Like many people, you may have created an estate plan earlier in adulthood – maybe when you started a family. Unfortunately, it may fail to address your needs as you enter your senior years, even if you regularly update your documents.
Many things about your life can change as you age. You may need to shift your estate planning priorities later in life to ensure that they align with your wishes. Here are three areas to focus on at this time in your life.
The debts you leave behind can wipe out the inheritances you intended for your loved ones. As you age, monitoring your debts and seeking ways to minimize them before you die is crucial. Creating an irrevocable trust may help shield your estate assets from lawsuits and creditors to the advantage of your heirs and other beneficiaries.
You may be healthy and have a sharp mind now, but your physical and mental condition could decline as you continue aging. New Jersey residents have two advance directive options to direct their health care upon incapacitation—a power of attorney and a living will. Either (or both) can help ensure that your relatives and physicians understand and comply with your medical wishes, regardless of your condition.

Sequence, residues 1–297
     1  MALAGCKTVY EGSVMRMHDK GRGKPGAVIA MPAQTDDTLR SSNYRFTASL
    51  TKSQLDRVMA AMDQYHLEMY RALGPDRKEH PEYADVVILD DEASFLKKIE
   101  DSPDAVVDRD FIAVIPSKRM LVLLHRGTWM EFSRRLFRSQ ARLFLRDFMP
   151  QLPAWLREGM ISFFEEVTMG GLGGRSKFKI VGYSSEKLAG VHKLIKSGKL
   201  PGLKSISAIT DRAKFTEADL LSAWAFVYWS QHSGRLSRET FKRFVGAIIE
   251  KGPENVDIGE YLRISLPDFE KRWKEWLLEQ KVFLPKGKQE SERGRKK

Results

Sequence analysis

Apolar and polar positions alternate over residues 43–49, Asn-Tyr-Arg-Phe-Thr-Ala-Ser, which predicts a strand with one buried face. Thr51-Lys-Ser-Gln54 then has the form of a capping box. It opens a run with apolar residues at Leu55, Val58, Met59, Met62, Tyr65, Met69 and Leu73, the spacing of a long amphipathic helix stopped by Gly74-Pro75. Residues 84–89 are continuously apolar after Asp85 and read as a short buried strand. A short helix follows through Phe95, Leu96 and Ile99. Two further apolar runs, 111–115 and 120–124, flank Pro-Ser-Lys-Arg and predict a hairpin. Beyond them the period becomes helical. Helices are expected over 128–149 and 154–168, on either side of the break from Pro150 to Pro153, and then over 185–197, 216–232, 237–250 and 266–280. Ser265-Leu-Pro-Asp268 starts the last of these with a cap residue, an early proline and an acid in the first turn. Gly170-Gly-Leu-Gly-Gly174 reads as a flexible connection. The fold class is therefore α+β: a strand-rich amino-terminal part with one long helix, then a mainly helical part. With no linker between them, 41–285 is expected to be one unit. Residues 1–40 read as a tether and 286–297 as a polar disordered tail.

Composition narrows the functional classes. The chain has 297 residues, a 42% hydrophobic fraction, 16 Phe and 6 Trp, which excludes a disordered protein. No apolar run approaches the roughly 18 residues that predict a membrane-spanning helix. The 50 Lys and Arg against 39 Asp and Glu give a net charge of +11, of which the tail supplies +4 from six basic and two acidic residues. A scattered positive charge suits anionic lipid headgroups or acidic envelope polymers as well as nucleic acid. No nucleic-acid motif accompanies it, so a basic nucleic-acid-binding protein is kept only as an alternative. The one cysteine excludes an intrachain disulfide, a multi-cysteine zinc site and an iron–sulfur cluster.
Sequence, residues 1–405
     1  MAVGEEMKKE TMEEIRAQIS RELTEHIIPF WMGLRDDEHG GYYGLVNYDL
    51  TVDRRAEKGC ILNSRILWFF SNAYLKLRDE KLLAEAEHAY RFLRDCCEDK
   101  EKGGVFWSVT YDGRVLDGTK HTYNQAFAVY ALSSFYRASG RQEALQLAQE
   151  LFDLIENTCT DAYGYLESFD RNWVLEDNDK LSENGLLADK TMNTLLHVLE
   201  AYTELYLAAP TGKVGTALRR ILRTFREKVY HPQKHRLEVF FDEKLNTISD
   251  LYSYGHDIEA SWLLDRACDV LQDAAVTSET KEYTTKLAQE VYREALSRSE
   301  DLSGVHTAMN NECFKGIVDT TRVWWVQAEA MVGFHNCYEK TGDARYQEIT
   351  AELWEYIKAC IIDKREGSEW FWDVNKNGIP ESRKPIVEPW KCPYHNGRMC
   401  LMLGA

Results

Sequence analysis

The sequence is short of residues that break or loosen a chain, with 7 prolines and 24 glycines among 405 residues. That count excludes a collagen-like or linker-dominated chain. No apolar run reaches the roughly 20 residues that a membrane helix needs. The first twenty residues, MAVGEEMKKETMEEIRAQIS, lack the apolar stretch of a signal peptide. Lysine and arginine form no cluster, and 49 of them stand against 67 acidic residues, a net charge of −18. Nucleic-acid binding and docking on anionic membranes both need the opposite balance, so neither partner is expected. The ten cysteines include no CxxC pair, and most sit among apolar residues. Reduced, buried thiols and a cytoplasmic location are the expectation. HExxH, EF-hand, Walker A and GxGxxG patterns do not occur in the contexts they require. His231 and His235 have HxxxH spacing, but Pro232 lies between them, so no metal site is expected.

Many seniors have companion or service animals they want to provide for after they die. The law views pets and animals as property, so you cannot leave them an inheritance in your will. Creating and funding a pet trust can help to ensure that your animal friends continue receiving love and quality care when you are no longer here for them.
Of course, you may have additional concerns unique to your estate and your life. Consider obtaining estate planning guidance for a thorough review of your documents to put those concerns to rest.